may be all that needs to be said about him.

The final, out of the box, way to fill the final roster spot is for the Nats
to sign an additional starting pitcher to a major league deal. The Nats have
reportedly been scouting Javier Vazquez all off-season, but the more
interesting name that has surfaced recently is Kyle Lohse. Lohse is the last
remaining big name free against, a Boras client and could be worth a gamble if
the Nats can get him on a one year deal. This would push Detwiler to the pen,
but he would be the primary back-up starter and no playoff team in 2012 used
less than six starters. The Nats are going to need starting depth and right now
they don’t have anyone else unless Christian Garcia really can be converted to
a starter, which is doubtful for the two-time Tommy John survivor.

Kyle Lohse does add something to the Nationals, but it comes with buyer
beware warning. That can wait though; let’s examine what Lohse has over
Detwiler. Detwiler has youth and potential on his side, but Detwiler has never
made it through an entire season and counting on him to do it in 2013 may not
be the wisest course of action. Lohse on the other hand has failed to make at
least 30 starts in three of his eleven seasons since his call-up year of 2001.
Lohse in 2012 averaged 95 pitches and 6.4 innings per start while Detwiler
averaged 87 pitches and 5.6 innings pitched per start. Detwiler is the weakest
link in the extremely talented Nationals starting rotation. He showed promise
last season with a 3.58 ERA in 151 1/3 innings as a starter, and Lohse is a
career 4.45 ERA pitcher.  

The advantage that Lohse brings is that he is more likely to pitch the
innings the Nationals need and it allows Detwiler to go to the pen where he has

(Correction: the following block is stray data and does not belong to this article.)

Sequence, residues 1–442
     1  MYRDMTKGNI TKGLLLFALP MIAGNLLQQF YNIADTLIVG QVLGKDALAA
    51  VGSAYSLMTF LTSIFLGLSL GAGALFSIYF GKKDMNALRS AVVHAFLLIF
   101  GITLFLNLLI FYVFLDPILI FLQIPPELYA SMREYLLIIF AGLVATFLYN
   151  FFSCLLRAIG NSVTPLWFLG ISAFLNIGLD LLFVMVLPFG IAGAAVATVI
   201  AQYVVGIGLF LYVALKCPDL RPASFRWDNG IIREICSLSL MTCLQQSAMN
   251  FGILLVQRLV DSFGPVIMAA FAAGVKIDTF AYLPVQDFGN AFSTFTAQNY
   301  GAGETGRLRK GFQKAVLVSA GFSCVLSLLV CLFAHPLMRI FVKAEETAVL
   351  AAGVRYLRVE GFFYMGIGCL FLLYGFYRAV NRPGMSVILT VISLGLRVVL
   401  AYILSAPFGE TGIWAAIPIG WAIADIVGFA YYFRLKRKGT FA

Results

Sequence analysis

a 1.11 ERA in 16 appearances. That is a small sample size but Detwiler is a
talented pitcher and would give the Nationals the reliever they need to get
lefties out. For his career lefties are hitting a measly .214/.307/.300 off of
Detwiler while righties hit .272/.331/.418. The question is do the Nationals
believe that Detwiler can continue to grow as a starting pitcher, or is what
was seen from him in 2012 the best he can be. Lohse isn’t necessarily an
upgrade over Detwiler on a one-to-one level, but having an additional
starting pitcher with Detwiler in the pen would upgrade the team overall.

Now for the big caveat on Kyle Lohse.
His best years have come as a St. Louis Cardinal where he had a 3.90 ERA and
1.279 WHIP. The only stat that really improved much when he became a Cardinal
was his BB/9 and perhaps Lohse could keep that down, but the history of former
Cardinals starters is not good. Joel Pineiro as a Cardinal had a 4.14 ERA down
from a 4.41 career average and a 1.269 WHIP down from a 1.348 for his career.
His BB/9 was also the only thing significantly different as a Cardinal, but
after he left his career bottomed out with the Angels where in two seasons he
had a 4.47 ERA and 1.372 WHIP. Jeff Suppan as a Cardinal 3.94 ERA compared to a
career average of 4.70 and a 1.411 WHIP compared to a career average of 1.461.
After leaving the Cardinals for the Brewers Suppan like Pineiro saw his ERA and
WHIP significantly increase.

The history of former Cardinals pitchers
is not a good one. They are rarely as good as they were with the Cardinals, but
Lohse for one year may be able to sustain somewhat. The chances are though that
the Nationals are more likely to get the 4.45 ERA starting pitcher, rather than
the 3.90 ERA pitcher that pitched for St. Louis. On a one year deal though, the
risks are mitigated. It wouldn’t be the worst signing the Nationals could make
and let’s face it Detwiler as the sixth starter and bullpen arm is an upgrade
over Yunesky Maya, Henry Rodriguez, and Bill Bray. Still the Nats are likely
better off trying to lure Javier Vazquez on a minor league deal than committing
to Lohse. Nats fans should hope that Rizzo’s denial of interest in Lohse is a
serious denial and not posturing in ongoing contract negotiations.